Presentation on theme: "AGRICULTURAL TRADE AND FOOD SECURITY: IMPLICATIONS FOR TRADE POLICY AND DEVELOPMENT GOALS Jonathan Brooks, OECD IDDRI Workshop, 29th January 2014."— Presentation transcript:
AGRICULTURAL TRADE AND FOOD SECURITY: IMPLICATIONS FOR TRADE POLICY AND DEVELOPMENT GOALS Jonathan Brooks, OECD IDDRI Workshop, 29th January 2014
Overview Trade openness and food security: General benefits But concerns about “losers” How best to address negative impacts? Implications for trade (WTO) rules Implications for SDGs and the post 2015 agenda OECD Trade and Agriculture Directorate2
Benefits of trade openness Enables food to flow from surplus to deficit areas Promotes efficient use of national resources, driving growth and employment Role in ensuring sustainability: areas of population and demand growth ≠ areas with productive potential OECD Trade and Agriculture Directorate3
Concerns about trade openness Macro concerns about food import dependence, size of import bills Micro concerns related to the level and volatility of food prices Structural concerns, especially about what it implies for smallholder farmers OECD Trade and Agriculture Directorate4
Food imports as share of total merchandise imports, OECD Trade and Agriculture Directorate 5 Source: FAOSTAT.
Ratio of food import expenditure to exports of goods and services ( ) OECD Trade and Agriculture Directorate6
Micro concern: level and volatility of prices Standard OECD advice: policies that seek to influence the level of prices are inefficient (the benefits leak) and inequitable (they pay more to bigger farmers) Stabilising prices deters effective risk management, turns into support, and often becomes a budgetary millstone Role for government: Social safety nets to protect incomes Development of risk management instruments Providing essential public goods (e.g. rural infrastructure, R&D) Providing an enabling environment that improves productivity sustainably OECD Trade and Agriculture Directorate7
OECD composition of Producer Support Estimate (PSE), Source: OECD, PSE/CSE database, 2012.
Do poorer countries need more “policy space”? Attempts to manage price levels even more futile buyers and sellers of food among the poor some are not integrated with formal markets Domestic price risks more frequent and severe than international price risks; poor track record of price management schemes, vulnerable to strategic behaviour Better to invest in moving to the same instruments recommended for OECD countries – underinvestment in agriculture and rural areas a key issue But what if the necessary institutions do not exist? Social protection being scaled up, but still not in place in many countries Risk management tools difficult to develop Moreover, pulling the price lever is politically attractive…in extremis policymakers may feel it is their only option OECD Trade and Agriculture Directorate9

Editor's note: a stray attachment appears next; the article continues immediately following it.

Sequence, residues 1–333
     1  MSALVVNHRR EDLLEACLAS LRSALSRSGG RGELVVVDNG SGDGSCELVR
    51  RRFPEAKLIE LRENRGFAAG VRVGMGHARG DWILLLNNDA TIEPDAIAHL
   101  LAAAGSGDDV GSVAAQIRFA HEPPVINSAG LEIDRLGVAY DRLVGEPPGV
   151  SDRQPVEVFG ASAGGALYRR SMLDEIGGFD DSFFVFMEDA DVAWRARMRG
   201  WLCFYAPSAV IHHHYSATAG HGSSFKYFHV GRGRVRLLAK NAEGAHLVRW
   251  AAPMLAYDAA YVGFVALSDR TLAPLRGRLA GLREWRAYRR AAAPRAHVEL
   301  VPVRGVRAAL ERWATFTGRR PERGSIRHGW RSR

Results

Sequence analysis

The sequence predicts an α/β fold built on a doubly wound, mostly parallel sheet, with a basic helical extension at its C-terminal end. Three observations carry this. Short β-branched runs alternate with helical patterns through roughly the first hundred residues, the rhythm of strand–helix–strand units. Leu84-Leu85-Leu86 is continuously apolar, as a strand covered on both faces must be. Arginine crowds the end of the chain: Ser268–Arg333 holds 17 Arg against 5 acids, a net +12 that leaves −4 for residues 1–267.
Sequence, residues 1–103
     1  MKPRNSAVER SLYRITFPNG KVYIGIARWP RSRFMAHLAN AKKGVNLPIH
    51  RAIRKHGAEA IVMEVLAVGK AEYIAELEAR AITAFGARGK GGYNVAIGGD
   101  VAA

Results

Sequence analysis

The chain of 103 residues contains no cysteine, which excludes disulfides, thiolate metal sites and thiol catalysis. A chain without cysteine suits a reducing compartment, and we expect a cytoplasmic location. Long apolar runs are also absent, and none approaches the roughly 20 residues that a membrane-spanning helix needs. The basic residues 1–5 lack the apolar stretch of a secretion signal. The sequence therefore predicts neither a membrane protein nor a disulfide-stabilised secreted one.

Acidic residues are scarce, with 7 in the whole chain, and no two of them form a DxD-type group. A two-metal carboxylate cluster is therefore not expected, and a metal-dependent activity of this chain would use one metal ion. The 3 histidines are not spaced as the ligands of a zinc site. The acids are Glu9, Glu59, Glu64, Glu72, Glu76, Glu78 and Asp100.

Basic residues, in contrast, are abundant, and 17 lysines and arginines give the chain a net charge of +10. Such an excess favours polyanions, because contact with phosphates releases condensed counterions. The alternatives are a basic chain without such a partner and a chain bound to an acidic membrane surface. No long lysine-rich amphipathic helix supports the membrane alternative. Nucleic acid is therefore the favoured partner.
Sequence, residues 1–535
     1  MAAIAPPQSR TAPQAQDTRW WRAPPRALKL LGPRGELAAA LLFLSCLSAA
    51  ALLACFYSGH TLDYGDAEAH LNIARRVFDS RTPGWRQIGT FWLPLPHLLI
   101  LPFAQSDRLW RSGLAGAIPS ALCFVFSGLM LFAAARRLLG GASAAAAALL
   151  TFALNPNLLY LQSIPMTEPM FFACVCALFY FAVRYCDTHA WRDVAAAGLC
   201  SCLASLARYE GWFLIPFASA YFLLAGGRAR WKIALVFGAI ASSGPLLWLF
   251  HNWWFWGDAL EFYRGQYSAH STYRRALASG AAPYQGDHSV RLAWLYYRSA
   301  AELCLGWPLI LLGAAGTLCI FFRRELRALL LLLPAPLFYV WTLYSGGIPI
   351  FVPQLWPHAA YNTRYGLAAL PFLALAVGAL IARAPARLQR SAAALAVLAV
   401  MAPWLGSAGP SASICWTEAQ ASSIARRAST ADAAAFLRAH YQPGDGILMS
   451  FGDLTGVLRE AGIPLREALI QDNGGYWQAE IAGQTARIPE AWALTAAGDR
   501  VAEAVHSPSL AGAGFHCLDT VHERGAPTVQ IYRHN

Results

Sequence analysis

What about smallholders? Dominate the rural economy in many developing countries: raising their incomes is essential for food security Huge scope to improve smallholder productivity – better to do that through investment than through subsidies. But raising smallholder incomes goes hand-in-hand with the agricultural transformation: most will have better long-term opportunities outside agriculture than within it. Policies need to smooth that transition not impede it. Trade protection does the latter. Economic diversification a big challenge: value added based on agriculture a promising channel. OECD Trade and Agriculture Directorate10
Implications for trade policy Export competition: strong case for eliminating both export subsidies and export restrictions Market access: Large gaps between bound and applied rates –Countries have scope to raise tariffs when prices spike downwards –When they spike sharply upwards, waiving tariffs may not have much impact Some scope to stabilise prices (mitigate extreme movements) could be a quid pro quo for narrowing the gap between bound and applied rates Domestic support: allow support that offsets internal market failures but not beyond OECD Trade and Agriculture Directorate11
Implications for development goals Headline aspirations a call to action: eradicate poverty, end hunger Good to have global measures of performance, but robustness of our measures ($ a day poverty, undernourishment) has been questioned Intermediate targets are more problematic: –Need to be linked to a proven channel of impact –Need to be realistic –It needs to make sense to have a common target across countries Separating the poverty and hunger targets is a big worry: poverty is the main cause of hunger and malnutrition! OECD Trade and Agriculture Directorate12
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